Tuesday, 2 October 2018

Hold by Michael Donkor

Hold was one of 2018's hotly anticipated new releases. Set in both Ghana and England, it follows 17 year old Belinda; a dutiful housegirl working in Ghana working in Kumasi until she is one day summoned by her employer's family friend, the Outo's to London to keep their 17 year old daughter  Amma company. When uprooting her life, she leaves behind Mary, a fellow housegirl who is somewhat of a younger sister to her.

Amma is a straight A student and grown up being a dutiful child to her parents. Nowadays, she's more sullen, withdrawn and just not herself. Her parents imagine see Belinda to be a shining example and perhaps just what she needs to get her out of this rut. And so the story is pretty simple, Hold is about the relationship and bond between these two girls.

It only occured to me when typing that synopsis,  how much of a stretch it is that you would literally have your family friend fly in a housegirl to be her friend. And the novel itself addresses this to some extent. Although the Otuo's treat Belinda really well, and she's encouraged to focus on her studies instead of cook and clean, their decision to uprot her from everything she knows, to keep their seemingly spoilt daughter company, does not sit well with her. Yet Donkor doesn't explore this further.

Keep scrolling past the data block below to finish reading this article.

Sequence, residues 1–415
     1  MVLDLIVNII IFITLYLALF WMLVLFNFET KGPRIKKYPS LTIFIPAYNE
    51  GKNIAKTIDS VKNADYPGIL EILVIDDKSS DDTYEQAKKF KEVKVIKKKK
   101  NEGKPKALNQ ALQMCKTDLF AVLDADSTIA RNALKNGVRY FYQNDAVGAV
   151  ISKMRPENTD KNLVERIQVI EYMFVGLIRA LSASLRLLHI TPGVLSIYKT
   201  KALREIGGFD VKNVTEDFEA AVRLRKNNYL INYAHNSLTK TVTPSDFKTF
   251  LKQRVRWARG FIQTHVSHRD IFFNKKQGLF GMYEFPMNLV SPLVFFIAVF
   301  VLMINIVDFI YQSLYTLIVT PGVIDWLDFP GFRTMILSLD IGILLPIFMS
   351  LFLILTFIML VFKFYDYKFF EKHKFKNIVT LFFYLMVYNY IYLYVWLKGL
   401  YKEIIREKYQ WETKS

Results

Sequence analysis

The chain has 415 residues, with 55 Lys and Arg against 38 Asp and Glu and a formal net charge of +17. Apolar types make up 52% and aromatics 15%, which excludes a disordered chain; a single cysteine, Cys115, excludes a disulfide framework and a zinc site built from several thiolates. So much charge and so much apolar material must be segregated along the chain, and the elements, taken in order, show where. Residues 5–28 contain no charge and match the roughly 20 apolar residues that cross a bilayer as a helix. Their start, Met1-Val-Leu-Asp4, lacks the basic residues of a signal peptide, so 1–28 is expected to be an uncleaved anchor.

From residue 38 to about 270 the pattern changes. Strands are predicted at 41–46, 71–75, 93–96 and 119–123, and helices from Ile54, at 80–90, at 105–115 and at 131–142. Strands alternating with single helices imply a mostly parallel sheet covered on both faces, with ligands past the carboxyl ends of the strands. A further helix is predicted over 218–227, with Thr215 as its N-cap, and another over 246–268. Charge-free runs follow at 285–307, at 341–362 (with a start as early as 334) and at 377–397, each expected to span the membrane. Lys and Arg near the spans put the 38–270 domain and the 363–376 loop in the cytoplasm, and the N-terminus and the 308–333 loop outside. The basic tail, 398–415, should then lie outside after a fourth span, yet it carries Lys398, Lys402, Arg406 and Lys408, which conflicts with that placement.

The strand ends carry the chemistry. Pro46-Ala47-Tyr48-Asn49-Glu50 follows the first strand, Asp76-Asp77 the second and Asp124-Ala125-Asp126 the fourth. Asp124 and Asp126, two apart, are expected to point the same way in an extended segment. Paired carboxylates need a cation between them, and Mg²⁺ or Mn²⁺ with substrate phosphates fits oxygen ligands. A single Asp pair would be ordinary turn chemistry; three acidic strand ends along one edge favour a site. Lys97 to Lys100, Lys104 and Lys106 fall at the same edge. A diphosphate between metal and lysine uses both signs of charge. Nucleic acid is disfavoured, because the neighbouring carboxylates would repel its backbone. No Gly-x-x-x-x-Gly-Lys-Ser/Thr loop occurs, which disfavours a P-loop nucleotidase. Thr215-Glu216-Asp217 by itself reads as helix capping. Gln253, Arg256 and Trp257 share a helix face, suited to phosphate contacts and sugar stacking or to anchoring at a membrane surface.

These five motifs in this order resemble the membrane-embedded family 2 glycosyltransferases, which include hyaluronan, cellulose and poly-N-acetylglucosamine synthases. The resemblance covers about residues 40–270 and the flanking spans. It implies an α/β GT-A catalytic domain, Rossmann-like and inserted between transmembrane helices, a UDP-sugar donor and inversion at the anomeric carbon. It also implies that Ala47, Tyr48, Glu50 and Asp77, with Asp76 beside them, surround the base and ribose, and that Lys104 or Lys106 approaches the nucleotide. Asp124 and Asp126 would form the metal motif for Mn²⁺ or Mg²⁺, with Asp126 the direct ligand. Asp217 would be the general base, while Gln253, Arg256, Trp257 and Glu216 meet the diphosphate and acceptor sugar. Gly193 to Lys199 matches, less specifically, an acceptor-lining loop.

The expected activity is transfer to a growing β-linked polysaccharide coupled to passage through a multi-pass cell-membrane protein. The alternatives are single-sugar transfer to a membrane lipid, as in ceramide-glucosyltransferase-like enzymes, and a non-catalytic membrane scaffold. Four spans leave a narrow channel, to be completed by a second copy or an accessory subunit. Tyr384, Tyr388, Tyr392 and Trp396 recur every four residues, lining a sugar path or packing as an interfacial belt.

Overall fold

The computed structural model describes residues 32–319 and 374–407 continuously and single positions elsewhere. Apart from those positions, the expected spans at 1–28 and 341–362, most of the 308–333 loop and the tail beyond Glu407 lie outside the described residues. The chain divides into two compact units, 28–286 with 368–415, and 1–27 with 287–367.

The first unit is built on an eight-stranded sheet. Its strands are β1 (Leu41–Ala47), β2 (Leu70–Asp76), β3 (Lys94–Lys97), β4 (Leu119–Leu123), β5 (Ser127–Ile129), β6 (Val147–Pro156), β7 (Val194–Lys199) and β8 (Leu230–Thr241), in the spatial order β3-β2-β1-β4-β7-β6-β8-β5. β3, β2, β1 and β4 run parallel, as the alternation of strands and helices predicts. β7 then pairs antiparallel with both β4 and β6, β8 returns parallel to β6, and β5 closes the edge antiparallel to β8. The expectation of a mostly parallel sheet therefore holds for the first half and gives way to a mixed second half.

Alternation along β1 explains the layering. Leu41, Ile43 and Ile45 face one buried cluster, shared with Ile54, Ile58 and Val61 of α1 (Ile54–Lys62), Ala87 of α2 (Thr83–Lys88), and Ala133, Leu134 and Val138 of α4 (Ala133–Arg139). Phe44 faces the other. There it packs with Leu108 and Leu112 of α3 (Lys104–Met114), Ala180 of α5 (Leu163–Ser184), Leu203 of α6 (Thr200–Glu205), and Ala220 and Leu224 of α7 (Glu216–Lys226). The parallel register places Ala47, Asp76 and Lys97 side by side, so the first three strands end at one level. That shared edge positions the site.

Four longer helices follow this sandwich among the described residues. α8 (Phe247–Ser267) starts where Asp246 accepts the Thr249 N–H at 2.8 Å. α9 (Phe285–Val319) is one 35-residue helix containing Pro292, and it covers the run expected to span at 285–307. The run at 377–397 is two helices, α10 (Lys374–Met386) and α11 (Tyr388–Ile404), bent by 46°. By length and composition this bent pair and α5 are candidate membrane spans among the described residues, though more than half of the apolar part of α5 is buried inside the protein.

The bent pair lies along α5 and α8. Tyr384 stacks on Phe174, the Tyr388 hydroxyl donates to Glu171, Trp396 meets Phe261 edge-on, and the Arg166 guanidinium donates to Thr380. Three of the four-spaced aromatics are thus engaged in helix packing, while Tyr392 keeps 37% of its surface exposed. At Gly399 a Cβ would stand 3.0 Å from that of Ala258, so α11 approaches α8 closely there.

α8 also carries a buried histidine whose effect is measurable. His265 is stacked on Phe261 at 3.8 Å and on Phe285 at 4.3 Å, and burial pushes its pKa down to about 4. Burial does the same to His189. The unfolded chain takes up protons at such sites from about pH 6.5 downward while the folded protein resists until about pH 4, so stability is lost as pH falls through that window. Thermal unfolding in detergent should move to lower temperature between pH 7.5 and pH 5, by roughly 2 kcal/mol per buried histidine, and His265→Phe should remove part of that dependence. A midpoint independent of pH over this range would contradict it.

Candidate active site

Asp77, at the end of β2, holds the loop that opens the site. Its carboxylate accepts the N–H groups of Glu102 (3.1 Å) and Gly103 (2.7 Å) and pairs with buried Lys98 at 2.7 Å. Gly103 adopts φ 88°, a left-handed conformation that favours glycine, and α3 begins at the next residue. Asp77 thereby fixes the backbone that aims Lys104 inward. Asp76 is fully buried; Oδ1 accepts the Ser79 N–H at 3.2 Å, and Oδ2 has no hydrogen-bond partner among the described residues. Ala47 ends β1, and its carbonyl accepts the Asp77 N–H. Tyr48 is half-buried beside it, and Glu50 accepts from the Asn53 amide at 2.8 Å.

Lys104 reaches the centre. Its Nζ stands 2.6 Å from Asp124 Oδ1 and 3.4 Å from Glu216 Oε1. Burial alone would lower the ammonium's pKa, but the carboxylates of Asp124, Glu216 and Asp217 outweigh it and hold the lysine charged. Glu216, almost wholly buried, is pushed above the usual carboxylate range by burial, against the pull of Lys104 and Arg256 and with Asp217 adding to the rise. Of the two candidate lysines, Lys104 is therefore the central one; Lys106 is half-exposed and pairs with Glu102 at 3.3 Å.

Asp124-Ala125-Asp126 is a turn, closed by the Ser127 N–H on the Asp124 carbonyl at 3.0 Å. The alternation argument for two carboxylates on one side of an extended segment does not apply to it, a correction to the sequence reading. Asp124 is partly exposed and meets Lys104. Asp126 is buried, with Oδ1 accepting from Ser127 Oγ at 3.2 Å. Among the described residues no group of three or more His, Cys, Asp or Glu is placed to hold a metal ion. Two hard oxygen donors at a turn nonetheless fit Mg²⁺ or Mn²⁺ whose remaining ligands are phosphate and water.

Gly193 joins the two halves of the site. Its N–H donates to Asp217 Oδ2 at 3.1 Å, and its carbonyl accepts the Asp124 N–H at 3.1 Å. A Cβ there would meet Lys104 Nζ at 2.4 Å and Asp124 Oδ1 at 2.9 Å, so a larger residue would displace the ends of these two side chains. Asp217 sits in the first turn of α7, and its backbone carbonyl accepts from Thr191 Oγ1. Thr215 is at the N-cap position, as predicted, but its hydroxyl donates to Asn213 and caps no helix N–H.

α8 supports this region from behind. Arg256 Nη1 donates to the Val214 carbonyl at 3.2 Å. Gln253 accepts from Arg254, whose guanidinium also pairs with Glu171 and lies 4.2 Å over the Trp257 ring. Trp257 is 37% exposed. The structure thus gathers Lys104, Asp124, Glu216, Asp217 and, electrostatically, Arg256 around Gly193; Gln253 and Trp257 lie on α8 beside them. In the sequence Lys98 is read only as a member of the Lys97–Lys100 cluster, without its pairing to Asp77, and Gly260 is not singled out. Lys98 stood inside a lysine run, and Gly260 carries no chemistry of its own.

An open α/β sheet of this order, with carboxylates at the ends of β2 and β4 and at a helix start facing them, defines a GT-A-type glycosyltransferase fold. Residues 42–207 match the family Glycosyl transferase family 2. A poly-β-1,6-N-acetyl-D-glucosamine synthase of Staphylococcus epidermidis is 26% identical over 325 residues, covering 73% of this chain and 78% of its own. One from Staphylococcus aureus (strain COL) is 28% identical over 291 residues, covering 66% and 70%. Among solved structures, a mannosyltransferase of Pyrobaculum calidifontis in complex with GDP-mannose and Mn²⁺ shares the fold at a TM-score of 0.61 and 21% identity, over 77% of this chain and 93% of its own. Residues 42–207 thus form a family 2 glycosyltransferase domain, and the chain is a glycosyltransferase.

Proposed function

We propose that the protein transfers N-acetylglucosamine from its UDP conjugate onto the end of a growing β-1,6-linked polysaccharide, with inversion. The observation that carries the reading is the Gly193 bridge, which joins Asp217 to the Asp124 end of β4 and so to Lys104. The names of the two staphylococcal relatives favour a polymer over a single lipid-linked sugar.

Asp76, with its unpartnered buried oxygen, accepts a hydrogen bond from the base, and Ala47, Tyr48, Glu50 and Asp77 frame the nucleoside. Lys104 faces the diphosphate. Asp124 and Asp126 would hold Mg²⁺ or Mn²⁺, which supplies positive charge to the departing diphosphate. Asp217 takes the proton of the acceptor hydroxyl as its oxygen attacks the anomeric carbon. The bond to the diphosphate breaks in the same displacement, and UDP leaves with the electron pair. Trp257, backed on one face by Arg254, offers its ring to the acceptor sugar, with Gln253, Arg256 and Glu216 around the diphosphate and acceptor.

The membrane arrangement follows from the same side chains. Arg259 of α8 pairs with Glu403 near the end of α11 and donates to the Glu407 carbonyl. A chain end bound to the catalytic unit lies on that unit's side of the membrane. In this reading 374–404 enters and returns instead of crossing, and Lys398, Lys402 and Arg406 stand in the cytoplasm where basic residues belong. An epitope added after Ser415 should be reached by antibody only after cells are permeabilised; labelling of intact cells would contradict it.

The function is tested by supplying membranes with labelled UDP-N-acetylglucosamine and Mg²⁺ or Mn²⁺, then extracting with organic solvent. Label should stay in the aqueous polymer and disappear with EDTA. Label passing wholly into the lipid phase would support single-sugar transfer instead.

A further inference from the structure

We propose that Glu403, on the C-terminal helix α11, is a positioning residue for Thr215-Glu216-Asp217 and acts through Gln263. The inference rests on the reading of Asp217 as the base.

The author's touch and go approach to all of the book's themes, made for an overall unsettling reading experience. We can tell Belinda has a lot of emotional baggage surrounding her own upbringing in the village, but this isn't thoroughly explored. We can tell Amma is struggling with her sexuality, but again this isn't thoroughly explored. It seems Donkor's style is to meander through characters without much structure or plot. Whether or not you'll enjoy this style I believe rests entirely on whether you enjoy a stream of consciousness style of writing or not. I went in expecting a solid plot and didn't find one which made it incredibly difficult to settle into. 

Perhaps the biggest obstacle to overcome when reading Hold is the language. While I did enjoy the seeing the Twi language thrown in once in awhile, alongside this Donkor attempts to write in Ghanaian pigeon dialect. 

You can tell he tried but it was so painfully and badly executed and; there was too much of it to ignore. A clear example of someone who thinks they know how Ghanaians speak without ever really listening to or speaking to Ghanaians living in Ghana. I appreciate that dialect is a hard one to pull off in fiction but in which case, he should've left it alone. Hold, feels aimless, cliched and lost. 


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